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Exploring suicide in the African American Community

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Exploring suicide in the African American Community

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The news was as tragic as it was shocking. Sandra Bland is dead. The response from supporters of the movement to end police brutality was immediate: outrage that another Black life was lost as a result of police overreach and possible misconduct. Yet, the story’s next act was equally disturbing. Her death was ruled a suicide. The ensuing chaotic discussion from pundits to public forums was a reflection of how unsettling suicide is—particularly among the Black community.

The rate of suicide among African Americans stands at 8.0 per 100,000, slightly below the national average. However, Black boys account for over 82 percent of these deaths by suicide and their overall rate is on the rise. While these statistics paint a clear picture of some within the Black community being in pain to the point of considering suicide as the best viable option, the ferocity with which many attempted to deny the possibility of Bland’s suicide indicated a strong suspicion that foul play was at hand but also implied that suicide forfeits a person’s right to be fully cherished and pain acknowledged. If the latter represents beliefs within the Black community, a crucial question remains: how can we elevate the importance of Black lives closest to the edge of self-destruction?

The story of suicide is often narrated by shame. Shame is a force that prompts involuntary retreat into what is likely a distorted self-perception and places a person further from the people and supports that can potentially restore a sense of wholeness while easing psychological pain. Historically, the Black community has faced numerous challenges that have attempted to undermine the integrity that a valued person possesses.

The pressures of navigating prejudice, stereotypes of hyper-masculinity or over-sexualized femininity, and the daily stressors and traumas that arise from living in violent and impoverished communities make it difficult to tolerate vulnerability when strength is a necessary ingredient for resilience. Yet, it is the combination of life’s pressures which can lead to intense psychological pain and the growing fear of others learning that the pain has become overwhelming that prevents many in the Black community from connecting with the professional help that can steer them toward life-preserving solutions.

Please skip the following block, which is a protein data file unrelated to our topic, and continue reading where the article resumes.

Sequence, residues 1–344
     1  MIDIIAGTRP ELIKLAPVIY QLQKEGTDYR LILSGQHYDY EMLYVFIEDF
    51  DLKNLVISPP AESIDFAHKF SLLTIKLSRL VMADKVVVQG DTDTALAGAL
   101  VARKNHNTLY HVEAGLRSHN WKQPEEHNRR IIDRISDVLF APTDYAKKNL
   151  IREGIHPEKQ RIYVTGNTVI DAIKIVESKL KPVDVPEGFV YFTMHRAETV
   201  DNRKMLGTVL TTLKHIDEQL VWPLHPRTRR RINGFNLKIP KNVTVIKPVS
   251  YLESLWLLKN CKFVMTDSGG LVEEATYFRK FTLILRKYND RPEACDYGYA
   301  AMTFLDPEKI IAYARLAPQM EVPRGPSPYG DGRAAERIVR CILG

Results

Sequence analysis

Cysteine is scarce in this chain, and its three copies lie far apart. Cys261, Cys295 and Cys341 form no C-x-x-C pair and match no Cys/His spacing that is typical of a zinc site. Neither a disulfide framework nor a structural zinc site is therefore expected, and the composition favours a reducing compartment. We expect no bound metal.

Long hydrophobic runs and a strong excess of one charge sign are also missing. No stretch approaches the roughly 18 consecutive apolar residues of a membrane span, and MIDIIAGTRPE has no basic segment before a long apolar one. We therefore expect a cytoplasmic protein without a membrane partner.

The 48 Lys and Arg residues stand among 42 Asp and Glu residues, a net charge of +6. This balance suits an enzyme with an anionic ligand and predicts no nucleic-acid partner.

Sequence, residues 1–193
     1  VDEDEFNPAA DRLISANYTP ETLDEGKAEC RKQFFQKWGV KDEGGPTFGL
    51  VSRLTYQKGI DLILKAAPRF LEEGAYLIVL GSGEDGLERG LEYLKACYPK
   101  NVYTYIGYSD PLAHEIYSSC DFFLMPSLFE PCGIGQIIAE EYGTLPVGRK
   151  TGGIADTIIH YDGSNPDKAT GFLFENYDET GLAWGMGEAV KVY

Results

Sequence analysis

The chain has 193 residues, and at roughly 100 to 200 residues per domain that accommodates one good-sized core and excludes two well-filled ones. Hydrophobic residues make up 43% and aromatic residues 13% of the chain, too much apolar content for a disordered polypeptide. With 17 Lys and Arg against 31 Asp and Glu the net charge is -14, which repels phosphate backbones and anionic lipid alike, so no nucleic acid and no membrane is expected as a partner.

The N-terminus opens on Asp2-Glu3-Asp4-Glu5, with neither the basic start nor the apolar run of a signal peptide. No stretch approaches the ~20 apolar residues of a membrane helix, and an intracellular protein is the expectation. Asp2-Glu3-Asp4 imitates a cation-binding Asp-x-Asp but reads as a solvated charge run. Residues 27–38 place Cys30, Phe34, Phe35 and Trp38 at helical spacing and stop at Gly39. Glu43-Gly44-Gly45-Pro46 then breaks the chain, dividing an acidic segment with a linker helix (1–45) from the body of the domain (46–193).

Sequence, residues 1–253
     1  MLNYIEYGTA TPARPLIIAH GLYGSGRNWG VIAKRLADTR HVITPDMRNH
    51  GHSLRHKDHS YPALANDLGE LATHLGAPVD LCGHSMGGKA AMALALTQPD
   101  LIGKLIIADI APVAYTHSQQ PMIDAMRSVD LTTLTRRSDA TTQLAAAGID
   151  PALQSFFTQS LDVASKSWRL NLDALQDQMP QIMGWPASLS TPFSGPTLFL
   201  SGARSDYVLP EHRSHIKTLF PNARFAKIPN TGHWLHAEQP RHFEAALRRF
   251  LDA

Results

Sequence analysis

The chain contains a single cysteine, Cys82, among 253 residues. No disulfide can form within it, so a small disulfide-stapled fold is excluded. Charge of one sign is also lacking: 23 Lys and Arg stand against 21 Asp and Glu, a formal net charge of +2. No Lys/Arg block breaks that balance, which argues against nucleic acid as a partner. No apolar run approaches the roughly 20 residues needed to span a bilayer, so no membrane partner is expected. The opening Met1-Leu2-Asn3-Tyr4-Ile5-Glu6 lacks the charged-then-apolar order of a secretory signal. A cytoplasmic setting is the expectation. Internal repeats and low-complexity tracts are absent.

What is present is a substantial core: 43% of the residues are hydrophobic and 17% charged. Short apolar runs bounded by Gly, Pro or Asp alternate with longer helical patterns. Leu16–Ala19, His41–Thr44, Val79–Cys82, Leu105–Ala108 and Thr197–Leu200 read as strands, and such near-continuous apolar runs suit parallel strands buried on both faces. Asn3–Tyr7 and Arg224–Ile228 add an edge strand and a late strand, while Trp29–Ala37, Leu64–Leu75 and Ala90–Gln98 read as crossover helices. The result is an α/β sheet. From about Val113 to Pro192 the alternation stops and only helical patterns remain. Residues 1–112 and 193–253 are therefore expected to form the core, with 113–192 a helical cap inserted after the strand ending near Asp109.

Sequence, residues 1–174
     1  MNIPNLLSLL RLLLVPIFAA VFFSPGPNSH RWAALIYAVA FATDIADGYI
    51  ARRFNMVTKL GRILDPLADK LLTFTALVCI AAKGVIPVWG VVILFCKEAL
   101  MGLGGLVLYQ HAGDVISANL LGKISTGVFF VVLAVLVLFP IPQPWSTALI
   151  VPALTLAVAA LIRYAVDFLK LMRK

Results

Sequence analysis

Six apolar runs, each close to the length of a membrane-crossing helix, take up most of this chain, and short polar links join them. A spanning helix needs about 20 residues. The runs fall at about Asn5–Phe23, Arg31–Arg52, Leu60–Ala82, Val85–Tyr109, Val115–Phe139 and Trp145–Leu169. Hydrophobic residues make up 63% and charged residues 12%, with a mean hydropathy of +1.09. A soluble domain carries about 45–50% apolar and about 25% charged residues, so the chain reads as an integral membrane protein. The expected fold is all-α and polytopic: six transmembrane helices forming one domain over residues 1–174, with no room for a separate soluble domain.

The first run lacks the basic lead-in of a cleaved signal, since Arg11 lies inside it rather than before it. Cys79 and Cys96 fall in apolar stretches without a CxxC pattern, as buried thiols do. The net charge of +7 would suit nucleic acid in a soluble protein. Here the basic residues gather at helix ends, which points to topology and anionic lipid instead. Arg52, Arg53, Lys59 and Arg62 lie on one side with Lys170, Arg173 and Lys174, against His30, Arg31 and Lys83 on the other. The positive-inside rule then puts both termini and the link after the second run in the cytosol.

The remedy for shame is multifaceted but often begins with a simple concept: validation. Showing empathy for the deep pain a person feels while acknowledging the pain is only one component of a multidimensional person can spark opportunities for healing that otherwise are invisible to people blinded by shame.

This is such an important step toward supporting a person struggling to believe his life matters that psychiatrist Christopher Shea encourages use of shame attenuation during assessments of suicide to ensure the people feel comfortable enough to discuss their thoughts. Our ability to collectively attenuate shame, or make it less of an obstacle to a person seeking help, may be the spark for a mental health revolution that many of us desire but collectively have trouble attaining.

Imagine parents matter-of-factly asking their troubled child whether she has contemplated suicide because they understand asking about it doesn’t make suicide more likely but simply reduces shame and opens an avenue for help. What if mental health professionals followed the lead of psychiatrist Sidney Hankerson and developed projects like his Community Partnered Approach for Depression that uses federal funds to train pastors and other clergy to identify depression in the Black community while bolstering churches as a sanctuary for spiritual and mental healing.

If the voices of both the activist fighting for change and the person in pain fighting to stay alive are equally heard, then we truly demonstrate Black Lives Matter regardless the circumstance.

*Article originally published at www.BlackDoctor.org

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    Carma Lynn Henry Westside Gazette Newspaper 545 N.W. 7th Terrace, Fort Lauderdale, Florida 33311 Office: (954) 525-1489 Fax: (954) 525-1861

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